U.S. sees China moving on currency despite rhetoric

By Doug Palmer and Ben Blanchard

WASHINGTON/BEIJING (BestGrowthStock) – U.S. Treasury Secretary Timothy Geithner voiced optimism on Thursday that China would begin letting its currency appreciate, despite Beijing’s dismissal of U.S. complaints that Chinese policies put American exports at a disadvantage.

Geithner’s comments to lawmakers came a day after President Barack Obama vowed to get tough on trade and exchange rates, putting China’s currency high on a growing list of bilateral disputes that includes Taiwan, Tibet and cyber security.

“I think it’s actually quite likely (China) will move. I think they recognize it is important to them, in their interest as well,” Geithner told the U.S. Senate Budget Committee.

He said correcting currency misalignments was a key part of U.S. efforts to get the world economy growing, spurred by domestic demand, and “not on the basis of an investment-led, export-heavy model again.”

“And that requires a level playing field for American exporters generally and we’re going to work very hard to encourage those changes,” Geithner added.

Earlier on Thursday in Beijing, a Chinese Foreign Ministry spokesman dismissed Obama’s concerns, saying its currency was at a reasonable level and that China did not deliberately pursue a trade surplus with the United States.

“At the moment, looking at international balance of payments and forex market (Read more about the difference between the forex market and the stock market. ) supply and demand, the level of the yuan is close to reasonable and balanced,” Ma Zhaoxu told a regular news briefing, repeating China’s standard line on its currency.

“Accusations and pressure do not help to solve the problem,” he added.

The Foreign Ministry has no say in China’s currency policy, which is driven mainly by domestic considerations, such as the need to maintain rapid economic growth and provide jobs.


U.S. manufacturers have complained for years that China deliberately holds down the yuan, giving local exporters an unfair price advantage. China says exchange rate policy is an internal matter.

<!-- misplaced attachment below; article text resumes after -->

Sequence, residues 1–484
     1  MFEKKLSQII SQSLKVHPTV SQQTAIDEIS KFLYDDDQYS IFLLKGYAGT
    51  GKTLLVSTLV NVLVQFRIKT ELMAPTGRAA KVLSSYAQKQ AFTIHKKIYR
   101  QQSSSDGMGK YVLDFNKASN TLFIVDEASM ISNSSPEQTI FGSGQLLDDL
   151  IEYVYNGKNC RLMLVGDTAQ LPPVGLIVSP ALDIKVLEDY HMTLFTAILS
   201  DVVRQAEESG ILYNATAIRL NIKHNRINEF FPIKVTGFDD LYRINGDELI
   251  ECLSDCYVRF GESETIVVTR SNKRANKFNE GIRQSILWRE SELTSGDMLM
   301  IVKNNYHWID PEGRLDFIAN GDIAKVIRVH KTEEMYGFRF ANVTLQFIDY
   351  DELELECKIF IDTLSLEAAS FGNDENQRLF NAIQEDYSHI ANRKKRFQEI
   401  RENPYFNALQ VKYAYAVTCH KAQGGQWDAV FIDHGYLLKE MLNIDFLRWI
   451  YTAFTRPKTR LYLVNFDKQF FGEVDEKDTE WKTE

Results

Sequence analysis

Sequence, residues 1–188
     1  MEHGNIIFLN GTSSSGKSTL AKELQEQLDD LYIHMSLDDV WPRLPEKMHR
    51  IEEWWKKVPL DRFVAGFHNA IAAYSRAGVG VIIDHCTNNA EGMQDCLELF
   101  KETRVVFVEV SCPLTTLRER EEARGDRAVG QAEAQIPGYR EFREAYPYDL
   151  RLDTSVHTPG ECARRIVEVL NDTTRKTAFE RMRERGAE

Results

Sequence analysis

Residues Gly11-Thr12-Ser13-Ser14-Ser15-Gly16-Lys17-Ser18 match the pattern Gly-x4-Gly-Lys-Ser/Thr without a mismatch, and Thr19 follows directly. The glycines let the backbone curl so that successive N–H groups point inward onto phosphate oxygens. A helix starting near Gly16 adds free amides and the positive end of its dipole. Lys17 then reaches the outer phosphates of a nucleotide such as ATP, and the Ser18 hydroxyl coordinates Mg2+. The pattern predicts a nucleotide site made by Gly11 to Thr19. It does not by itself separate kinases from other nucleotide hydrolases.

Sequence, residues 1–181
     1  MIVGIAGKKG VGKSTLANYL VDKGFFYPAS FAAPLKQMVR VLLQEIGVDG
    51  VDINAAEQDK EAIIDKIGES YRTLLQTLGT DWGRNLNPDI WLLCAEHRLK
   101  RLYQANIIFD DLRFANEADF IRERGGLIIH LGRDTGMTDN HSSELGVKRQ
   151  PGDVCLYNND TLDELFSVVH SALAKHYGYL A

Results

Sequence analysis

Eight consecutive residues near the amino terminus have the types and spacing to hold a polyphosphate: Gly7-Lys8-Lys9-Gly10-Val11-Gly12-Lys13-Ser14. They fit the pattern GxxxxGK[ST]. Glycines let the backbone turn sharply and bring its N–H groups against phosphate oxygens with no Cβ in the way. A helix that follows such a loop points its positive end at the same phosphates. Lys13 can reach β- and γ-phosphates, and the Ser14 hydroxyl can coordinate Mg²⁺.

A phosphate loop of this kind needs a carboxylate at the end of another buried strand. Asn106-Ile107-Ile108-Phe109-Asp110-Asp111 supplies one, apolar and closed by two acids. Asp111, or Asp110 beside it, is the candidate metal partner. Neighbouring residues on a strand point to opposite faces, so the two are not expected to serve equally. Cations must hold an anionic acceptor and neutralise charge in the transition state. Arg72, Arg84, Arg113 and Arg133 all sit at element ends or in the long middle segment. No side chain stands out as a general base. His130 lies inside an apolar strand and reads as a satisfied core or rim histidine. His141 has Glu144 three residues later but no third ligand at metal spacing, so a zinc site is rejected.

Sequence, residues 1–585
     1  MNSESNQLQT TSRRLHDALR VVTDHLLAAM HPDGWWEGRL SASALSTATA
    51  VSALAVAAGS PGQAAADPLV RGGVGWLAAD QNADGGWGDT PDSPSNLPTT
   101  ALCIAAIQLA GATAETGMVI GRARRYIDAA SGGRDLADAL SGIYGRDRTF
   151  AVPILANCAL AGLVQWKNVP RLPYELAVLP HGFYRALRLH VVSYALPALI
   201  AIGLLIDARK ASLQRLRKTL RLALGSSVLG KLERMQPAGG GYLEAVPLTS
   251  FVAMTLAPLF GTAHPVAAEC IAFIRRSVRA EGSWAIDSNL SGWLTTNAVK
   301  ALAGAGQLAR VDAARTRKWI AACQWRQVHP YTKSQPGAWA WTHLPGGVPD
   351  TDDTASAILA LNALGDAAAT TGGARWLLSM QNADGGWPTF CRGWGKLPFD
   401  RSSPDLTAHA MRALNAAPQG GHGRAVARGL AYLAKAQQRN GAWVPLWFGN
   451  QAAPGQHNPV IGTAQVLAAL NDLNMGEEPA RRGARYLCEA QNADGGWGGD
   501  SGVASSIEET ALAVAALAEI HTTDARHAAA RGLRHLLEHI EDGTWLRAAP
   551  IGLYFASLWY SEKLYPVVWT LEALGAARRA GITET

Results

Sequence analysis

Analysts in China cautioned against reading too much into Obama’s comments, saying his words were as much aimed at a domestic audience as trying to put pressure on Beijing.

“Even if China wants to adjust its exchange rate, it is nearly impossible for Beijing to meet the demands of the U.S. — this is China’s own business,” Li Jian, a researcher with a think-tank under China’s Ministry of Commerce, told Reuters.

But U.S. trade expert William Reinsch said Obama’s remarks came amid growing U.S. frustration with a China that is “engaged in a variety of bullying activities” on Taiwan and Tibet, while not moving to resolve trade imbalances.

“When you’re faced with an economic policy that is not addressing the imbalances in their own economy, much less the global problem, the normal reaction is to take some action of your own,” said Reinsch, president of the National Foreign Trade Council.

Markets, however, were not counting on a brisk rise.

“Previous tough comments on the yuan from the U.S. administration have typically led nowhere,” said a U.S. bank dealer in Shanghai. “The market is not sure the latest comments by Obama will really lead to a tougher U.S. stance on the yuan.”

Offshore one-year dollar/yuan non-deliverable forwards (NDFs), a rough gauge of market sentiment, on Thursday implied a 2.8 percent rise in the yuan over the next 12 months, slightly less than on Wednesday. The yuan’s spot exchange rate, which is tightly controlled by the central bank, was nearly flat.